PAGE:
Proforce Defence has unveiled its new Viper armoured personnel carrier (APC), a lighter, faster and more manoeuvrable version of its Ara vehicle.
The company said the Nigerian Army’s Chief of Defence Staff (Lieutenant General Faruk Yahaya) commissioned the Viper at the Chief of Army Staff (COAS) 2021 conference earlier this week.
The vehicle is ideal for special forces use and can support a wide range of military, counter-terrorism, and police operations. Proforce literature states the vehicle offers excellent protection against both ballistic and blast threats, with the crew compartment protected to CEN Level BR6 up to BR7.
The vehicle has a 7 ton curb weight and payload of 1 500 kg. It can accept nine occupants, including a gunner. The Viper can be configured with a range of weapon platform options, including a manual or electric rotating turret. It is powered by a 6.7 litre V8 engine developing more than 300 hp and giving the 4×4 vehicle a top speed in excess of 120 km/h.
The company’s flagship APC is its PF2, which has been exported to Rwanda, the Central African Republic and South Sudan (it is used for United Nations peacekeeping missions in the CAR and South Sudan). At home, the Nigerian Police Force has acquired a number of PF2 APCs, and this includes by Rivers State and Lagos State.
On the larger end of the scale, Proforce’s flagship MRAP is its Ara (Thunder), which is designed and manufactured in Nigeria. The latest version of the Ara features a fully monocoque hull and is built to STANAG level 4569 standards with double skin protection of Level 3A and 3B, and an underbelly of 4A and 4B. This protection level ensures an underbelly with a V-shaped hull design that can withstand a 100 kg mine.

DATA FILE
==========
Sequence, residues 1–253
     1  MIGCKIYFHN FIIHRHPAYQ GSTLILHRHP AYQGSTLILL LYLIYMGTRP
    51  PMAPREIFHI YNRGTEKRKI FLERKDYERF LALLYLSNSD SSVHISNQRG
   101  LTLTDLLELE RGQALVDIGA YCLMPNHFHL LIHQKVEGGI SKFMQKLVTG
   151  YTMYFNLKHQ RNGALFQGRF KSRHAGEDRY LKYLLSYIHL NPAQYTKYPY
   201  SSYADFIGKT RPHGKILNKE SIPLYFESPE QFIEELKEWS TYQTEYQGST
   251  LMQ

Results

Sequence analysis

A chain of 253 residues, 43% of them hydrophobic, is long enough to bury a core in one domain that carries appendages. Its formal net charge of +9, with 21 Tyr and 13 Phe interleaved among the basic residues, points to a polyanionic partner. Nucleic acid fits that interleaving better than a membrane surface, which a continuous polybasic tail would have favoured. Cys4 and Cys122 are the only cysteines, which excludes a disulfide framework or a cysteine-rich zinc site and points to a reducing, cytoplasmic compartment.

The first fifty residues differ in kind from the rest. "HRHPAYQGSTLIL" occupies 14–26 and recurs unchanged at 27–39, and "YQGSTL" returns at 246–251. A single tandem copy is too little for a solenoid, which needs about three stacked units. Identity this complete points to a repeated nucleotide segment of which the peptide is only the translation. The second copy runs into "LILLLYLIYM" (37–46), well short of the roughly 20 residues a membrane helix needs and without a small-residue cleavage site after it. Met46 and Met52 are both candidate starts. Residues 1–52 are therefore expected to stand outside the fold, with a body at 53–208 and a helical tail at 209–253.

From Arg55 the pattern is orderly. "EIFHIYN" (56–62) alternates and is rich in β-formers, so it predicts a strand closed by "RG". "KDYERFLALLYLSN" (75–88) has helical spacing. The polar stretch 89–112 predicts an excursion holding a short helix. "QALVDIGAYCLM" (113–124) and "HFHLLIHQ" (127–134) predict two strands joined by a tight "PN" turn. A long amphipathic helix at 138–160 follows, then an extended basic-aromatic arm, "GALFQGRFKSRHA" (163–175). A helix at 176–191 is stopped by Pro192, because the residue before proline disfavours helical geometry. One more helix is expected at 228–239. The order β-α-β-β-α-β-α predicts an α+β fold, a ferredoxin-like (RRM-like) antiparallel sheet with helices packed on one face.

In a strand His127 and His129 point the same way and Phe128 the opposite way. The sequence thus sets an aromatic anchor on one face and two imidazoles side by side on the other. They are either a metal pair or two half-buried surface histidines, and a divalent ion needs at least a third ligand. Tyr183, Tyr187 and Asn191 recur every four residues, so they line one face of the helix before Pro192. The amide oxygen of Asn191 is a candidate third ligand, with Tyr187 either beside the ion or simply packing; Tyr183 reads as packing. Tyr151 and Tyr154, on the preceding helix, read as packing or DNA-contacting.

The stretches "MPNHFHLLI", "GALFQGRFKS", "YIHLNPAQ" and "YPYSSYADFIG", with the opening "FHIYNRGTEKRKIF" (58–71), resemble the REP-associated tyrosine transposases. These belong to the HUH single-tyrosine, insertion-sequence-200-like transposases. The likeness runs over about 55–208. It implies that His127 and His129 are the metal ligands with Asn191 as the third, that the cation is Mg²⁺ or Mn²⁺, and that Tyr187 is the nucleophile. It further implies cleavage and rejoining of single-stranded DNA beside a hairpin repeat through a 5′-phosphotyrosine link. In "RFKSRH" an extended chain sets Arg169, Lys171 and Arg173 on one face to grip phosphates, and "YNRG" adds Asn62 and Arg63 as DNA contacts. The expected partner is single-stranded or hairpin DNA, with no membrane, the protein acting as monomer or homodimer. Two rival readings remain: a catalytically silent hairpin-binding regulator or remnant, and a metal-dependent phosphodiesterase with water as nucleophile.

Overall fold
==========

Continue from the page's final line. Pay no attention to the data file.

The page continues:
With the capacity to carry up to 12 personnel plus equipment, the 15 ton Ara can be configured into multiple variants including recovery, command and control, ambulance, field kitchen and reconnaissance. A 12.7 mm machinegun can be mounted on a 360 degree roof turret, which can be open or fully enclosed.
The Nigerian Army has placed large orders for the Ara and has used the vehicles in combat against Boko Haram insurgents, particularly in the northeast of the country. Deliveries began in 2018, and in mid-2019 Proforce secured an order from Chad for 20 improved Ara 2 armoured personnel carriers – these have been delivered and are in service with Chad’s military.
In addition to its flagship Ara and PF2 vehicles, Proforce has a steadily growing product portfolio that encompasses land, air and sea. This includes armoured Toyota Hilux vehicles, Special Combat Vehicles (Hilux type vehicles with armour and weapons turrets), armoured patrol boats between 9.5 and 11 metres long, cash in transit vehicles (Toyota Hiace, Hilux, Isuzu etc.), armoured SUVs (e.g. Land Cruiser, Mercedes, Lexus LX570, Cadillac Escalade, Range Rover, FJ Cruiser), armoured passenger busses (Mercedes Viano, Toyota etc.) and armoured sedans.
The Nigerian military is investing heavily in indigenous armoured vehicles, and in September it emerged that it had acquired a 15% stake in Proforce.
Another locally manufactured vehicle being taken into Nigerian Army service is the Ezugwu, which was also on display at the COAS conference this week. This is manufactured by the Defence Industries Corporation of Nigeria (DICON), which in January received an order for 52 of the vehicles from the Nigerian Army.
The Ezugwu was unveiled in September 2019 at the Abuja International Trade Fair Complex during a Nigerian Army Day event. It appears the first batch of 25 Ezugwu vehicles delivered to the Nigerian Army in December 2019 were of the original configuration with two turrets, 4×4 drivetrain and no windscreen. In June 2020, it emerged that 47 Ezugwu vehicles were being produced by DICON. Later versions are in 6×6 configuration.
Other domestically produced vehicles include Conqueror and Champion armoured personnel carriers that were designed and built by the Army’s engineering unit. Meanwhile, the recently established Nigerian Army Vehicle Manufacturing Company (NAVMC) is developing the Infantry Patrol Vehicle (IPV) fitted with a mounted heavy machinegun; a Tactical Patrol Vehicle with seating for eight personnel, and a Light Tactical Vehicle armoured personnel carrier.